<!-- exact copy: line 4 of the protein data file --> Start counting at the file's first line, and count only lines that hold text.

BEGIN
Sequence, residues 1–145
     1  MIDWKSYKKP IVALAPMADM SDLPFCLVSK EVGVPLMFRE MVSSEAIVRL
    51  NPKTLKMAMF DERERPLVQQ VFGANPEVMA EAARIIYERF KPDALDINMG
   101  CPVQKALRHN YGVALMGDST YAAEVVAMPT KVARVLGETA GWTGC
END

   101  CPVQKALRHN YGVALMGDST YAAEVVAMPT KVARVLGETA GWTGC